The Eastern New Mexico News - Serving Clovis, Portales and the Surrounding Communities

By David Stevens
Publisher 

Opinion: Freedom to stay masked also choice for the individual

 

Last updated 5/22/2021 at 3:55pm



Government's mask mandates have mostly been lifted across New Mexico and Texas. Declining numbers of COVID-19 cases certainly support a return to individual freedom that should never have been taken away.

Now it's time to fight for the rights of individuals — and the businesses they own — who choose to continue COVID-safe practices.

Laura Leal decided last week her popular Tex-Mex restaurant in Clovis will still require customers wear face coverings when they enter the Leal's lobby.

Right or wrong, she thinks it's the best way, for now, to ensure the safety of her employees and her customers.

The restaurant lobby is not nearly large enough to allow social distancing during lunch or dinner rushes and Leal has no interest in trying to make anyone prove they've received COVID vaccinations, she explained in a Facebook post.

And so the mask mandate stays in place until customers are seated. Her restaurant, her rules. You have to wear a shirt in there, too.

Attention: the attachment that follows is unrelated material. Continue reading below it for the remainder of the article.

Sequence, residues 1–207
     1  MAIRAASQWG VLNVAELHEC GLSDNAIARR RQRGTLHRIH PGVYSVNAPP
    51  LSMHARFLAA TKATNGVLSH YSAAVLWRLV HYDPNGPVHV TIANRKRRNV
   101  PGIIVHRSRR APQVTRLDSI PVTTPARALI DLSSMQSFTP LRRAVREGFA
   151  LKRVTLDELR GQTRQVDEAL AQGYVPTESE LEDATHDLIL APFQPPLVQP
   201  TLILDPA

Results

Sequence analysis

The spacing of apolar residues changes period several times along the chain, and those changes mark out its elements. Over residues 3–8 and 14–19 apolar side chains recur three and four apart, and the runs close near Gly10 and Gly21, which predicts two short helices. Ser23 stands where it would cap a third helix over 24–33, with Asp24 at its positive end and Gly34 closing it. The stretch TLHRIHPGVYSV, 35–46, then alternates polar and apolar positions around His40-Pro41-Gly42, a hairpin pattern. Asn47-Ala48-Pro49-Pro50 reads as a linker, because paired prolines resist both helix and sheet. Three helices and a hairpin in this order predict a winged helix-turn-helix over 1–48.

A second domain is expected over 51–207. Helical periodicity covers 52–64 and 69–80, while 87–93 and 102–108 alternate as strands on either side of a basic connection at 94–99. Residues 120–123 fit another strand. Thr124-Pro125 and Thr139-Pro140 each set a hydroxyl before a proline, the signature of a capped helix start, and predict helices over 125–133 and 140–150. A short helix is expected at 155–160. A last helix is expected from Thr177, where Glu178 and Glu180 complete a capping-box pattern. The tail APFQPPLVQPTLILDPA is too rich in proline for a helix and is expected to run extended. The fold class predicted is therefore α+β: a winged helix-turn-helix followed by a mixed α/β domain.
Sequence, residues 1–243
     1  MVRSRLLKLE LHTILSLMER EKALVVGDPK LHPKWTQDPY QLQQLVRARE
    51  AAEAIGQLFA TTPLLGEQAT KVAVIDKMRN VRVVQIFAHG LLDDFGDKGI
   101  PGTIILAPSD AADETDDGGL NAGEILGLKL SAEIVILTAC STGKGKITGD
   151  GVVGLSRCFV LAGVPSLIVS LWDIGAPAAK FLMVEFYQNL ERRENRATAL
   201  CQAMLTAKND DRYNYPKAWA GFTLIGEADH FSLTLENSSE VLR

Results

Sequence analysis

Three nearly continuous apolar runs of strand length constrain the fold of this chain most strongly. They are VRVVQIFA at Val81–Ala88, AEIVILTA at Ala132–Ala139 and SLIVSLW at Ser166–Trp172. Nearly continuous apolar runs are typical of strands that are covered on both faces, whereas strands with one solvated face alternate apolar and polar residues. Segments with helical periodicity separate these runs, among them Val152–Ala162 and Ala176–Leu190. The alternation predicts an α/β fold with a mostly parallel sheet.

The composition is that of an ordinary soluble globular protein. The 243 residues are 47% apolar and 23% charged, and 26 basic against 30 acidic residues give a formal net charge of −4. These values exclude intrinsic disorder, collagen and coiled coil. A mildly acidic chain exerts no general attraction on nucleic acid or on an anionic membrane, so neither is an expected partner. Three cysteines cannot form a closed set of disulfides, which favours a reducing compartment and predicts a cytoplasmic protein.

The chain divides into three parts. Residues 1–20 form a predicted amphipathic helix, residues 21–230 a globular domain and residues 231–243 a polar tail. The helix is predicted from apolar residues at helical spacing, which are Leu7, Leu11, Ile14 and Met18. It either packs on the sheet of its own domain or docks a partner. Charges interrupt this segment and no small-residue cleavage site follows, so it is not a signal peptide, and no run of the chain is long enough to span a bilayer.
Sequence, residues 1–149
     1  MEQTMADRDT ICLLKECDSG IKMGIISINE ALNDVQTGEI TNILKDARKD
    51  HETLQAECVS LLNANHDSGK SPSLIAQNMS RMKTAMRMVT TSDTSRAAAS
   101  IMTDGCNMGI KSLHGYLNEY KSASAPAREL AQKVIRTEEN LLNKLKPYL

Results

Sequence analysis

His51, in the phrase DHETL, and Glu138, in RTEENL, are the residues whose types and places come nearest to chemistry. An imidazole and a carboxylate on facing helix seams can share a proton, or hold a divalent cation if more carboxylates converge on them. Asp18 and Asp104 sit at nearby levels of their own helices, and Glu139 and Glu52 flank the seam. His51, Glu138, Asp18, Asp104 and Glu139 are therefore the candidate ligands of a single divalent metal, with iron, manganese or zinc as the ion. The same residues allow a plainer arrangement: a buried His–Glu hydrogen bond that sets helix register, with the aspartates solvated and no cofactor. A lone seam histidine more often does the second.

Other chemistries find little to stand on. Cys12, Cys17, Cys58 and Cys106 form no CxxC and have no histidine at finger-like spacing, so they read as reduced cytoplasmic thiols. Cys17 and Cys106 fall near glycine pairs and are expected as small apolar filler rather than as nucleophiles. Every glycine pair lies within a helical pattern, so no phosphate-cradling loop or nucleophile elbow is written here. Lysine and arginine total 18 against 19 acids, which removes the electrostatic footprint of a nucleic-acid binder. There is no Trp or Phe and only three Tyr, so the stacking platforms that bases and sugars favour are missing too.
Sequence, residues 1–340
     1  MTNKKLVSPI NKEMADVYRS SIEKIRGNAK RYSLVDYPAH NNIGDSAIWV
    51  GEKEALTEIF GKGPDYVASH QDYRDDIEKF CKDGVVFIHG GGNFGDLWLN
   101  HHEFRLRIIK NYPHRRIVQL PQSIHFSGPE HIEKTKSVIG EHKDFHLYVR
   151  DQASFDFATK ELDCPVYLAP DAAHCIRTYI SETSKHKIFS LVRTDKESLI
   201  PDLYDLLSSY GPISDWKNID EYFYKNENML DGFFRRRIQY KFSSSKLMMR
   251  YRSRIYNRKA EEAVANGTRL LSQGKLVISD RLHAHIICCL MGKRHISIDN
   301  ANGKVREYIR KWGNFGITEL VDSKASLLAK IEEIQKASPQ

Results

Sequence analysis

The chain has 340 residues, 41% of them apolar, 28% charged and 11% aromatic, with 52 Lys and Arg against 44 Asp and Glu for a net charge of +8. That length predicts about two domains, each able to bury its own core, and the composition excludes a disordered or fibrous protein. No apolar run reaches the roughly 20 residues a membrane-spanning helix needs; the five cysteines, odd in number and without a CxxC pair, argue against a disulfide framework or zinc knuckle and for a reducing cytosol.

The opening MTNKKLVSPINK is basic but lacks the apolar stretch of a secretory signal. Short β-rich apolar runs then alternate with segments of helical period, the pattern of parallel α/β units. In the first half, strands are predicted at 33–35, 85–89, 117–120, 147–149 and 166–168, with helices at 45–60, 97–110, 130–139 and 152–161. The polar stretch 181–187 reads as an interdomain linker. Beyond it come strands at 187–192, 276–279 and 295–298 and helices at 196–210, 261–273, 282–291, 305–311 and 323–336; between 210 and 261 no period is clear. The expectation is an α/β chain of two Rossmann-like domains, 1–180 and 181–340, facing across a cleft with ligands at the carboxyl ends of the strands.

Leal said the decision has not been popular with everyone. One man was so angry, he stormed out and “I thought he was going to break the door,” she said.

The Facebook post drew about 15 comments, and most were critical of the decision.

“I hope y'all reconsider … and allow people to be free!” read one.

That's an interesting definition of free. Is Leal's also supposed to serve biscuits and gravy at 5 a.m. at a customer's request?

But those Facebook posters mostly took the correct approach in responding to the business decision — they said they would eat somewhere else until the mask mandate changes.

That's how this entire face mask issue should have been handled throughout the pandemic. Each private business owner should have been allowed to set their own standards for safety. Each business customer should have decided which business they frequented based on those policies.

The situation's the same now that government has mostly stepped back.

Our newspaper office last week relaxed our mask-wearing policy for customers and staff. We continue to encourage masks for anyone who feels it's safer to wear one, but we don't have big crowds in small spaces and so we don't feel masks are essential anymore.

If someone wants to stop doing business with us because of that policy, we certainly respect that decision.

Just don't break our office door, OK?

— David Stevens

Publisher

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